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I was wondering how can I insert an empty space in the string text (defined in char *text = argv[1];)

For example, if a write:


./mar "Hello how are you"


I would like to see/


Hello how are you Hello how are you Hello how are you Hello how are you

and not


Hello how are youHello how are youHello how are youHello how are youHello how are you

scrolling horizontally in the cli.

The code is:

/*mar.c*/
#include <curses.h>
#include <unistd.h> // For sleep()
#include <string.h> // For strlen()
#include <stdlib.h> // For malloc()
#include <sys/select.h>

int main(int argc, char* argv[])
{

char *text = argv[1];
char *scroll;
int text_length;
int i,p, max_x, max_y;


// Get text length
text_length = strlen(text);

// Initialize screen for ncurses
initscr();

// Don't show cursor
curs_set(0);

// Clear the screen
clear();

// Get terminal dimensions
getmaxyx(stdscr, max_y, max_x);

scroll = malloc(2 * max_x + 1);

for (i=0; i< 2*max_x; i++) {
    getmaxyx(stdscr, max_y, max_x);    
    scroll[i] = text[i % text_length];
}

scroll[2*max_x - 1]='\0';


// Scroll text back across the screen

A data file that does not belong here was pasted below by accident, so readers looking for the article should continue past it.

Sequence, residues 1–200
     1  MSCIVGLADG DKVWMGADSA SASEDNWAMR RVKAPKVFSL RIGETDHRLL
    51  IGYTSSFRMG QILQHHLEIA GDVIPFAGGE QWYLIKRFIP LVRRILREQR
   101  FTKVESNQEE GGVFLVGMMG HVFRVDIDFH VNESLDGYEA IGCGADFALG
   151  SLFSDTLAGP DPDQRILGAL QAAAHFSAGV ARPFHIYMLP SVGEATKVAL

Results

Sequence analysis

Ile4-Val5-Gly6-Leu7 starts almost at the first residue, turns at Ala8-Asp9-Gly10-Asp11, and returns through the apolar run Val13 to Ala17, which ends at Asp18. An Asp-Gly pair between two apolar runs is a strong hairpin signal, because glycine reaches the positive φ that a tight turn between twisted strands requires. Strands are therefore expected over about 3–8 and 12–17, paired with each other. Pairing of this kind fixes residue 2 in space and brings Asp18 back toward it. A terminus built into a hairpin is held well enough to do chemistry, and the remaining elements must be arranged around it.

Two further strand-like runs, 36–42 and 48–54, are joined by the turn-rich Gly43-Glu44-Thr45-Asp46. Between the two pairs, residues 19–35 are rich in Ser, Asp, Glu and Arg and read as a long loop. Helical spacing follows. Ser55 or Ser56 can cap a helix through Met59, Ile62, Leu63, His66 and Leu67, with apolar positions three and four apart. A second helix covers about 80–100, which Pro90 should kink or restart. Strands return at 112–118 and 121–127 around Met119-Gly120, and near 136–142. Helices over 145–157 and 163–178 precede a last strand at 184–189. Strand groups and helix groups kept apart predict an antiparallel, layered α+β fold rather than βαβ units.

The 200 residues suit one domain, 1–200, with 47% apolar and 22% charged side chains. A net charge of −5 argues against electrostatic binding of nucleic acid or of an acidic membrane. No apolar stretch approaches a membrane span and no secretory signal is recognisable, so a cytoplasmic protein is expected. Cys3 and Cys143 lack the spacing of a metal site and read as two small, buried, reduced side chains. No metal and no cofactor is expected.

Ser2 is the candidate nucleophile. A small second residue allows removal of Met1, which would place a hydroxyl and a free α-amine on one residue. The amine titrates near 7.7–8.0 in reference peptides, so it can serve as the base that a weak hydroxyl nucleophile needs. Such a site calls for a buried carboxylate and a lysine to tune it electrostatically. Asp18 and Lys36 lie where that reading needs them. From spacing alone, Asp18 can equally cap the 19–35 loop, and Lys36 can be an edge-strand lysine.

p=0;
do{
        getmaxyx(stdscr, max_y, max_x);
        mvaddnstr(0,0,&scroll[p%max_x], max_x);
        refresh();
        usleep(40000);
    p=p+1;
// Execute while none key is pressed   
}while (!kbhit());

endwin();
return 0;
}

int kbhit(void)
{
struct timeval tv;
fd_set read_fd;

tv.tv_sec=0;
tv.tv_usec=0;
FD_ZERO(&read_fd);
FD_SET(0,&read_fd);

if(select(1, &read_fd, NULL, NULL, &tv) == -1)
return 0;

if(FD_ISSET(0,&read_fd))
return 1;

return 0;
} 
share|improve this question

1 Answer 1

You need to allocate a new char array whose length is 2 bytes greater than the length of the argument string (so that there's room both for the space and for the null terminator). Then, call strcpy to copy the argument string into the new array, overwrite the second-to-last index with a space and put a null terminator into the last index.

share|improve this answer
    
(And, if you want to follow good coding practices, use strncpy instead of strcpy - but it shouldn't be necessary here, since we have already allocated the array to be large enough. On the other hand, you might want to set a limit on the size of the input string and to check that the memory allocation succeeds... </security_rant>) –  Aasmund Eldhuset Feb 28 '11 at 13:27

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